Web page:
Inside

Gender Generation Explored by RCA Fine Art Conference and Exhibition

The conference Gender Generation: The Creative Process in Art & Design opens at RCA Battersea today, accompanied by a pop-up exhibition of work addressing creativity, procreation and motherhood.

Co-organised by RCA Fine Art Senior Tutor Hermione Wiltshire and Senior Research Tutor Fashion & Textiles Dr Claire Pajaczkowska with London South Bank University Senior Lecturer in Performance Studies Dr Elena Marchevska, assisted by alumna Maja Ngom (MA Photography, 2015), the conference is the second in a series, building on the Motherhood and Creative Practices conference held at LSBU in 2016.

Gender Generation addresses subjectivity and places this within the context of evaluation, status and reception (of art, design and other cultural practices), examining the matrix of gender that lies at the interface between nature and culture, to ascertain how this has changed over recent decades in art and design. 

The conference proposes that creative practice is the axial point through which the interrelation between gender, sexuality and pedagogy can best be studied and understood. How then does the concept of the ‘maternal function’ illuminate the more general understanding of the process of creative practice? And why, with each successive wave of Feminism, does every generation have to relearn knowledge? Are intergenerational transmissions helping us to (re)write herstory/history in schools and universities?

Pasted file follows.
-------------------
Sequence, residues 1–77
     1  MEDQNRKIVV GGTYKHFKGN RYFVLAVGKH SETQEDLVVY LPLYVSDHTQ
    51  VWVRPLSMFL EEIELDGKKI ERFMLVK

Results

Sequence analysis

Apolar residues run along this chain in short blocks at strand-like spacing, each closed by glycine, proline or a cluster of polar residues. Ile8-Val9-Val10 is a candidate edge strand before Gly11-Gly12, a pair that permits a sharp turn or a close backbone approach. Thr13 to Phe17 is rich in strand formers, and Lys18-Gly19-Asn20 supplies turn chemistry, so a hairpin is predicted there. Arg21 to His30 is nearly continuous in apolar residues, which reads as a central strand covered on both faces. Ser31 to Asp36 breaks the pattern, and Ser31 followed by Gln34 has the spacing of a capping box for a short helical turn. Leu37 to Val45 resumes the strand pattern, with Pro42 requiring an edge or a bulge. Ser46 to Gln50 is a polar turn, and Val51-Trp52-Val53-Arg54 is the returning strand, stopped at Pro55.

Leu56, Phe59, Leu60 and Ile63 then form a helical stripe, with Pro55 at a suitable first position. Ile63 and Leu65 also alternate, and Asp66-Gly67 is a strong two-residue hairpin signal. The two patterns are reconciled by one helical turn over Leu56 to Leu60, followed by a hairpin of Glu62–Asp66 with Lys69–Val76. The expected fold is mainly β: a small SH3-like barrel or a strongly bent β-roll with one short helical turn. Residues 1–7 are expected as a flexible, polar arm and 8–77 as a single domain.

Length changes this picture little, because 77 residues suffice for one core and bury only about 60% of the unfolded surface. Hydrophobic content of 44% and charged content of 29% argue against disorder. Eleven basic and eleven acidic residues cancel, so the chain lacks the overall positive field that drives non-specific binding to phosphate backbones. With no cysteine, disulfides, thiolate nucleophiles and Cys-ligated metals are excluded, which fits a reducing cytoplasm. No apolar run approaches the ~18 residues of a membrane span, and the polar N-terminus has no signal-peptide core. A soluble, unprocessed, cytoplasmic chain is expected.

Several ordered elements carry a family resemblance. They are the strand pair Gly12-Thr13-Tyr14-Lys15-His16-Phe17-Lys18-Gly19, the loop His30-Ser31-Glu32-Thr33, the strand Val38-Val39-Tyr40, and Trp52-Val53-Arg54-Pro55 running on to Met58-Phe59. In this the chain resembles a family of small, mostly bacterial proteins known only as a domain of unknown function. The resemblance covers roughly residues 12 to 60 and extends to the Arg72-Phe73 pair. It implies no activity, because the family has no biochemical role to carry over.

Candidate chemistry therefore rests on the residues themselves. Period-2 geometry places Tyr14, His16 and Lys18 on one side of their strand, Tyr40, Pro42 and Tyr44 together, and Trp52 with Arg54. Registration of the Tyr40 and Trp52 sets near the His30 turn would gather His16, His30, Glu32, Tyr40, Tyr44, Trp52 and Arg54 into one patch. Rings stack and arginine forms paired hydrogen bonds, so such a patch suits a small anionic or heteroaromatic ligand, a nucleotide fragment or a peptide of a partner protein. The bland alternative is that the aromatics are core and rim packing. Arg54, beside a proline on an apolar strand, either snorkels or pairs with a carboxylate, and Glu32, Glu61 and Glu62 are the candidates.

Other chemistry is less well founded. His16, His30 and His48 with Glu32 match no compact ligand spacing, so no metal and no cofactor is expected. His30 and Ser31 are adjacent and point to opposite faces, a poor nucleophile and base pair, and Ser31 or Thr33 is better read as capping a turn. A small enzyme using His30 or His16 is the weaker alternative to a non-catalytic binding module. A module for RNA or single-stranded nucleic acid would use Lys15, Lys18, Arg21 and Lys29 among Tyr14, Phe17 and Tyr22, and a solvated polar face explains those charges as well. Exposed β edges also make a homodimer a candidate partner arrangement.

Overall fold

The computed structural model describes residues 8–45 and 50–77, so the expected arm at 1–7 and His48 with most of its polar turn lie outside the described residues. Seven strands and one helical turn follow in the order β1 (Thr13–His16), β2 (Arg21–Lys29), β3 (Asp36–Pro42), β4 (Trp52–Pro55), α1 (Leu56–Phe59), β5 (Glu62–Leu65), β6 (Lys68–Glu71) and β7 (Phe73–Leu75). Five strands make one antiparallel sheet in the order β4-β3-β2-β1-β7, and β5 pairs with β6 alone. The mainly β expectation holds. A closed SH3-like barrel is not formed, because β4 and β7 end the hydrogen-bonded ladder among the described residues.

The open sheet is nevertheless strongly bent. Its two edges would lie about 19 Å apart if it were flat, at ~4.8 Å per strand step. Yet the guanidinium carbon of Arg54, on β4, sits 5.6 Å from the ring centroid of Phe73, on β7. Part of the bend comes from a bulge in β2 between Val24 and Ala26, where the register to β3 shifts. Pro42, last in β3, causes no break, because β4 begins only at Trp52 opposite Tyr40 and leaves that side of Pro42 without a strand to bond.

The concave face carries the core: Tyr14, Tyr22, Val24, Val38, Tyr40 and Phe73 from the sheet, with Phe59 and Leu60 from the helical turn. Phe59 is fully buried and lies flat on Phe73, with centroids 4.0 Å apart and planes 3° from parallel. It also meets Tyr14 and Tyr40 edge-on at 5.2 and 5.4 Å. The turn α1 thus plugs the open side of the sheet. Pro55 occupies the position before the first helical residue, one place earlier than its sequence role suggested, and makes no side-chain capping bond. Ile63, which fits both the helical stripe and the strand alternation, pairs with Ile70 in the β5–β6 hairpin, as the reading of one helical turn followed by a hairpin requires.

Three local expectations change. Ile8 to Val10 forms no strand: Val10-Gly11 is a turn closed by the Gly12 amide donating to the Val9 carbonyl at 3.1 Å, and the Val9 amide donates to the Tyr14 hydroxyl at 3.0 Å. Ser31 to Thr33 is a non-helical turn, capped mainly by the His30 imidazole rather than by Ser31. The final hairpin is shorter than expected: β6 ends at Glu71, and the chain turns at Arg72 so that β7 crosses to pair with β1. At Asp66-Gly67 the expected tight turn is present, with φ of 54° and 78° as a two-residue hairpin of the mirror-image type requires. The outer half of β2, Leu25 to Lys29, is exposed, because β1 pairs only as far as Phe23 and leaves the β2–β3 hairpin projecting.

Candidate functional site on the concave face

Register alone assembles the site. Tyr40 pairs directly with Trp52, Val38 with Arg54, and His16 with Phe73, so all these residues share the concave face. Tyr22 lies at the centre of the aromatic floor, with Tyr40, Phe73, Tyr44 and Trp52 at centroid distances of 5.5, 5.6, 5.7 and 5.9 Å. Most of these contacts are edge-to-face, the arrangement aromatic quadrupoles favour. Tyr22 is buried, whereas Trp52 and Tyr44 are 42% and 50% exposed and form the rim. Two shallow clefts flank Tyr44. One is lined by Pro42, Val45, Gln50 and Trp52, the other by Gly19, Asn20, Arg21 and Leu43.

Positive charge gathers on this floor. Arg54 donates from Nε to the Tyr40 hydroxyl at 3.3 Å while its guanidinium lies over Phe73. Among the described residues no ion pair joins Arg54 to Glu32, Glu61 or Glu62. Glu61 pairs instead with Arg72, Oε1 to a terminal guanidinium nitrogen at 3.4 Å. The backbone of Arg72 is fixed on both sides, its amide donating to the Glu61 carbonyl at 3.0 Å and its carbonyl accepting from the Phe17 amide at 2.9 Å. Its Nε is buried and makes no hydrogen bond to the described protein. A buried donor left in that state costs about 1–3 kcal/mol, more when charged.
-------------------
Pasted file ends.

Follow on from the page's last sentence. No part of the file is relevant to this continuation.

'Creative practice is closely guarded in universities,' says Dr Pajaczowska. 'and discussion of the maternal instinct is still taboo. We wanted to give a forum the idea of creativity being about the maternal metaphor – not necessarily motherhood, but dependency and learning, relationality, interiority and emotional experience as much as it's about making and innovating.'

'The idea that mothering is not something only mothers do, that its associated with nourishing, creating and caring, and is the same as creating an artwork: drawing something out from your internal world and nourishing it into being in front of you, is interesting to all our students,' says Hermione Wiltshire. 'There's an appetite for the discussion of issues that are considered Feminist, and the two-year MA programme gives them the opportunity to explore these within their practice.'

With keynotes by British conceptual artist Lenka Clayton, Dr Andrea Liss, whose engagement with feminist art, gender encounters and the maternal embraces writing, research, teaching, curating and community collaboration, and artist-historian Carol Mavor, the conference will examine how the concept of the maternal reflects on gender in the process of creative practice, and how the ways in which gender is generated affects artists' practices. Referencing its university setting, the conference will also examine whether the concepts of gender, pedagogy and sexuality can influence the agendas of art institutions.

Alongside the conference is an exhibition of work that explores, illustrates and illuminates many of the themes under discussion. Ana Casas Broda's Kinderwunsch (Birth Rite Collection, Salford) depicts scenes of maternal domesticity in dramatic chiaroscuro, challenging normative ideas of nourishment, play, responsibility and care. Rose Gibbs' (MA Sculpture, 2010) cast bronze figures site female bodies in the context of a phallocentric narrative. Esther Teichmann's (PhD Photography, 2012) photographic image explore paradigms of beauty and the gaze.


Gender Generation: The Creative Process in Art & Design
Gorvy Lecture Theatre and Dyson Gallery, Royal College of Art, Hester Road, London SW11
8–9 September 2016

See Gender Generation website for full programme and speakers.